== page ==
Ask your doctor before taking calcium supplements, as these have been linked to increased risk of kidney stones. You may reduce the risk by taking supplements with meals. Diets low in calcium can increase kidney stone formation in some people.

    Ask your doctor for a referral to a dietitian who can help you develop an eating plan that reduces your risk of kidney stones.

Medications

Medications can control the amount of minerals and salts in the urine and may be helpful in people who form certain kinds of stones. The type of medication your doctor prescribes will depend on the kind of kidney stones you have. Here are some examples:

  • Calcium stones. To help prevent calcium stones from forming, your doctor may prescribe a thiazide diuretic or a phosphate-containing preparation.
  • Uric acid stones. Your doctor may prescribe allopurinol (Zyloprim, Aloprim) to reduce uric acid levels in your blood and urine and a medicine to keep your urine alkaline. In some cases, allopurinol and an alkalizing agent may dissolve the uric acid stones.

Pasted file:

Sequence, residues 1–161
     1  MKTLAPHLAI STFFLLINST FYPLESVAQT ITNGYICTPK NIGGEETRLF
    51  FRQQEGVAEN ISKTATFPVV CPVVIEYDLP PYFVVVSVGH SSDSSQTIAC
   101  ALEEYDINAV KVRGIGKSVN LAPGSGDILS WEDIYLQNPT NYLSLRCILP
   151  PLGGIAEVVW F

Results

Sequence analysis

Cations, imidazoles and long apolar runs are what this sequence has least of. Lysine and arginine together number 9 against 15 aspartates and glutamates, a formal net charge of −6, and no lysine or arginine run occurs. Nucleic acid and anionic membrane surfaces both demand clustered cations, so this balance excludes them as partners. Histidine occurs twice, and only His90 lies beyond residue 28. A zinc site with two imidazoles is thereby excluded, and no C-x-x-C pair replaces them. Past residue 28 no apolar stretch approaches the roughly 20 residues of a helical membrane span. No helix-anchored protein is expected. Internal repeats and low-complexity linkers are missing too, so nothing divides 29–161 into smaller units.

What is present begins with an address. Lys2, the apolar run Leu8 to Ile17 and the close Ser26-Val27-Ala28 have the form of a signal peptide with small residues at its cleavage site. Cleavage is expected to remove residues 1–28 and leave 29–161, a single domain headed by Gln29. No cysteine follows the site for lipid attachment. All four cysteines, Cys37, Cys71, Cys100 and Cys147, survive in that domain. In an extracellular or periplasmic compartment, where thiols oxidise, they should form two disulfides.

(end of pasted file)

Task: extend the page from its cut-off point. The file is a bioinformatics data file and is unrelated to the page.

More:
• Struvite stones. To prevent struvite stones, your doctor may recommend strategies to keep your urine free of bacteria that cause infection, including drinking fluids to maintain good urine flow and frequent voiding. In rare cases long-term use of antibiotics in small or intermittent doses may help achieve this goal. For instance, your doctor may recommend an antibiotic before and for a while after surgery to treat your kidney stones.
  • Cystine stones. Along with suggesting a diet lower in salt and protein, your doctor may recommend that you drink more fluids so that you produce a lot more urine,. If that alone doesn't help, your doctor may also prescribe a medication that increases the solubility of cystine in your urine.

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(Video) 1st Sign of a Kidney Stone: Do This – Kidney Stone Remedies – Dr.Berg

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(Video) Kidney Stones 101: Causes, Symptoms & Remedies – Dr.Berg

More Information

  • Kidney stones care at Mayo Clinic
  • Percutaneous nephrolithotomy

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Preparing for your appointment

Small kidney stones that don't block your kidney or cause other problems can be treated by your family doctor. But if you have a large kidney stone and experience severe pain or kidney problems, your doctor may refer you to a doctor who treats problems in the urinary tract (urologist or nephrologist).